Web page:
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How to Keep Your Ektron and Episerver Projects Looking Sharp

How to Keep Your Ektron and Episerver Projects Looking Sharp

Our teams use a lot of tools and techniques to build, repair, strategize, and analyze. We want your web project to run seamlessly, look sharp on any device and present your company as industry leaders. One of the best ways to achieve this is to begin with Responsive Web Design. Responsive Web Design adapts the website to always display properly on devices and browsers of differing sizes. Currently, there are two techniques to ensure that your website responds flawlessly on any device: media queries and element queries.

Media queries, the most common method, start with the content on a narrow screen width and introduce breakpoints as dictated by the content as the screen gets wider. For example, on a narrow screen, most content is presented in a single column, but when the screen is wide enough, secondary content may move up next to the main content in a smaller sidebar column. This breakpoint should occur when it benefits the presentation, such as to prevent overly long lines of text. Unfortunately, the process ends up not being as simple as adding a breakpoint when a line of text reaches the desired maximum length. If the implied breakpoint should be at, say, 760 pixels wide, what happens at 761 pixels? If the layout changes to have a sidebar, suddenly, the main content area is significantly narrower than it just was, so the line length will have gradually increased to the desired maximum, then, at the 760 pixel breakpoint, it jarringly jumps back to a narrower width. Ultimately, breakpoints based on the width of the screen have to make compromises about how to display different content types and how to them in such a way that, while not always ideal, isn’t ever broken.

Element queries aim to remove the need to make those compromises by directly adapting the content to its container. While a media query says “if the screen is wider than a given size, apply these various CSS rules to all of the elements specified”, an element query would say, “if the content container is wider than a given size, apply these CSS rules to just it.” That is to say, changes would only apply to the single element of content being evaluated for the given characteristics, ignoring all other elements and device characteristics. Continuing the example from above, instead of using a site-wide breakpoint to try to constrain line length, an element query could just add an automatically increasing right margin above the maximum width so the lines of text don’t continue to increase. Or center the column of text, or increase the font size to keep roughly the same number of characters on a line, or split the text into multiple columns, etc. When individual elements are being evaluated and affected with element queries, they allow the content itself to always be presented in the best way possible.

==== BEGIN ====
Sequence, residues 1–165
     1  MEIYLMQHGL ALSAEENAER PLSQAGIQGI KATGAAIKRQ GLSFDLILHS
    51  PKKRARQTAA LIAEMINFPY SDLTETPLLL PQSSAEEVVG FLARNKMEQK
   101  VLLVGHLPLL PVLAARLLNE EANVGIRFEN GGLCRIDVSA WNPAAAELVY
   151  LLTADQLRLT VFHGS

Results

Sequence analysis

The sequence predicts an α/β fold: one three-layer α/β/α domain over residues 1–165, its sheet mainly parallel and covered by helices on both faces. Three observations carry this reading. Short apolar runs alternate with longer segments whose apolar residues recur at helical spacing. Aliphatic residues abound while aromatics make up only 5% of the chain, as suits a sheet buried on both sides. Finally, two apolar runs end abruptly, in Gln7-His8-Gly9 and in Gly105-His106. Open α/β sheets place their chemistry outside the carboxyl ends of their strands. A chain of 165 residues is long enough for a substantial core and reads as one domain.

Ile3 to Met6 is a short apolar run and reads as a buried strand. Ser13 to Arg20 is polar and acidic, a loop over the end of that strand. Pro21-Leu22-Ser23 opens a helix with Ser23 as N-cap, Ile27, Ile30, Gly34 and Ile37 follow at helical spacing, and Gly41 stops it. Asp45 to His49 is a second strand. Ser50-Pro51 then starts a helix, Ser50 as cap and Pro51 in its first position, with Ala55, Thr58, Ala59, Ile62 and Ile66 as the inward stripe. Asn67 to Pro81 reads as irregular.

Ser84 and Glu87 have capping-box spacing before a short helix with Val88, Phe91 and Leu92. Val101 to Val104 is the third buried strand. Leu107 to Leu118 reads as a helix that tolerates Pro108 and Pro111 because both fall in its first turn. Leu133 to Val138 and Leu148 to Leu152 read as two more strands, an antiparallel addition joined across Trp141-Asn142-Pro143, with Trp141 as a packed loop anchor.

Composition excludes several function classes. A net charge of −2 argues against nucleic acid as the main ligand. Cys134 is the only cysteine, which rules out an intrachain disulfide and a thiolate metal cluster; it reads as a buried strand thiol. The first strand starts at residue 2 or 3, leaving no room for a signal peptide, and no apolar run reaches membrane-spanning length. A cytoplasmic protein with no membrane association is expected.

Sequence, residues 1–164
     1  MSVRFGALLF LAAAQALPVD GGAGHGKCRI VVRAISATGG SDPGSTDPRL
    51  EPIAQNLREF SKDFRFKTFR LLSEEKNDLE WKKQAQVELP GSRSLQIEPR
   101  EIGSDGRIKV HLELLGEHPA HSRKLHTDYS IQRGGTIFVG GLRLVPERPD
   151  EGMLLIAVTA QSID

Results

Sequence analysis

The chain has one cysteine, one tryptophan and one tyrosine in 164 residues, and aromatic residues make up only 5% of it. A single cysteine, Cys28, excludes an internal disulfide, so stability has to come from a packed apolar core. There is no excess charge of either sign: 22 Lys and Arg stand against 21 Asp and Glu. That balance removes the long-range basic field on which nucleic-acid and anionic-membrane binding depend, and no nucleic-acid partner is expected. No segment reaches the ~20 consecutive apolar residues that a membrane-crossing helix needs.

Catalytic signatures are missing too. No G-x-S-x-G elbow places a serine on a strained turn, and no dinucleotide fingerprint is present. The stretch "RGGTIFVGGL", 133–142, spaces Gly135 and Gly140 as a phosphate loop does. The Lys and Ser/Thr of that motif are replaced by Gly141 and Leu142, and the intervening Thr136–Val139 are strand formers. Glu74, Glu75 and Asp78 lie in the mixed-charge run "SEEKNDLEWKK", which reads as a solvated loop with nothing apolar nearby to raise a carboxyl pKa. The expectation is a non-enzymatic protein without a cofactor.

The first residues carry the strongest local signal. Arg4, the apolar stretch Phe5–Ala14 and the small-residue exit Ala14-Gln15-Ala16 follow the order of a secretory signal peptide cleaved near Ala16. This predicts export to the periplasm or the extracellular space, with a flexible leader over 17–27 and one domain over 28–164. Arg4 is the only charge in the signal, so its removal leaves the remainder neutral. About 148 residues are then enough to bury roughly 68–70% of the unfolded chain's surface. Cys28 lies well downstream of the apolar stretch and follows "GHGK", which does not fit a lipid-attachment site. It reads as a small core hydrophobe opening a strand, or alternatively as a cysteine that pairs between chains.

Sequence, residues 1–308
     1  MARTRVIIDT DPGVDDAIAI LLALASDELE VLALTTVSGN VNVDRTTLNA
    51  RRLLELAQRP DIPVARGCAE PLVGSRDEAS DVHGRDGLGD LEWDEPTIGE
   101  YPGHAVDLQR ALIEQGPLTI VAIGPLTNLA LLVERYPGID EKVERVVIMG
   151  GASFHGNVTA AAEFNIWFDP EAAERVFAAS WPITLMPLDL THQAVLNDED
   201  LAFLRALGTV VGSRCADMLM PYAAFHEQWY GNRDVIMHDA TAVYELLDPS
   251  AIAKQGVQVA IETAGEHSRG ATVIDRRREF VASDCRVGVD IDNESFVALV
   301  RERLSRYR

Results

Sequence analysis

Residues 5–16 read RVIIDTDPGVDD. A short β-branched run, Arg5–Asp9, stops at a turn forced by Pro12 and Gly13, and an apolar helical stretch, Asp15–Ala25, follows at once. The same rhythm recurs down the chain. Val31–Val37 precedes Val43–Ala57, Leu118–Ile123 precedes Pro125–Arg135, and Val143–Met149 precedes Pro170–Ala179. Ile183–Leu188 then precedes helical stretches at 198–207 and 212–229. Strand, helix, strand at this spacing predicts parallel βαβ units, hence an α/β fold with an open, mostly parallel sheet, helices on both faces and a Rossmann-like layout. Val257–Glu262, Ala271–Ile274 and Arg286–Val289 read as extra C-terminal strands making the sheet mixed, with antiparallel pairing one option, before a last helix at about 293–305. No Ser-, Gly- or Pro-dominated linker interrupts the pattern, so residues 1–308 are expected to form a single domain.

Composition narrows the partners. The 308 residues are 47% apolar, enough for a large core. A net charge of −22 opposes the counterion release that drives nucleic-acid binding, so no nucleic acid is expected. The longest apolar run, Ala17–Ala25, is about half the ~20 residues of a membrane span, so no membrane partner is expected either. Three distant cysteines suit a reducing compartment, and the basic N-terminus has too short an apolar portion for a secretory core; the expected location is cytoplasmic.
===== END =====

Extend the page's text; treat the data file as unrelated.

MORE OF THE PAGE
One very popular methodology of building responsive websites is Atomic Design, championed by Brad Frost. The general idea is that by building components from smaller discrete elements, an entire design system can be developed that results in a very cohesive design and predictable user experience. This approach can, however, be difficult to implement when building a site on a CMS, as it can be difficult to anticipate how content that can be placed virtually anywhere will be used and also ensure it will always be styled correctly. Element queries make a modular methodology like Atomic Design easier to implement because, when utilized correctly, they ensure that individual pieces of content will always display in the best fashion, regardless of where and how they are used on a page.

Currently, element queries are not directly supported by any browsers as they are not part of the World Wide Web Consortium (W3C) specifications, so the only way to utilize them is through JavaScript plugins. Relying on JavaScript is less than ideal as, at best, it isn’t as performant as native browser technologies, and, at worst, could take a moment to apply the changes or not apply them at all in an unsupported browser or if JavaScript is disabled. The choice to use them or not should weigh these limitations against the potential benefits. If they are used, at this point in time, they should be used with the mindset of progressive enhancement where any benefit they provide is merely cosmetic and isn't required to view the content.

Despite some of the current limitations implementing element queries, they are an excellent option to help ensure responsive websites, especially those that have modular content, consistently display content in the best way possible.

Whether we are working in a Content Management System like Ektron to get custom results for your content, or migrating content from Ektron to Episerver for greater content personalization, or helping you leverage a Marketing Automation Platform, like HubSpot, we use the best industry tools and techniques to help you meet your goals. Have you used element queries before? Let us know in the comments below or over social media.

About the Author

Nick Melville
Nick Melville
As a Front-End Developer, Nick works with the rest of WSOL’s design team to bring a website from vision to reality. Through his efforts, designs that begin as sketches and wireframes are realized as pages in a browser. Nick specializes in JavaScript, and he works to constantly keep up with online trends. He is especially interested in Responsive Design, which allows websites to work on a wide array of devices, and he follows developments in new Internet-enabled devices, such as watches, VR headsets, and refrigerators, which will provide some interesting challenges for web design in the future. When he’s not developing websites, Nick enjoys building forts with his daughters and being extremely mediocre at ice hockey.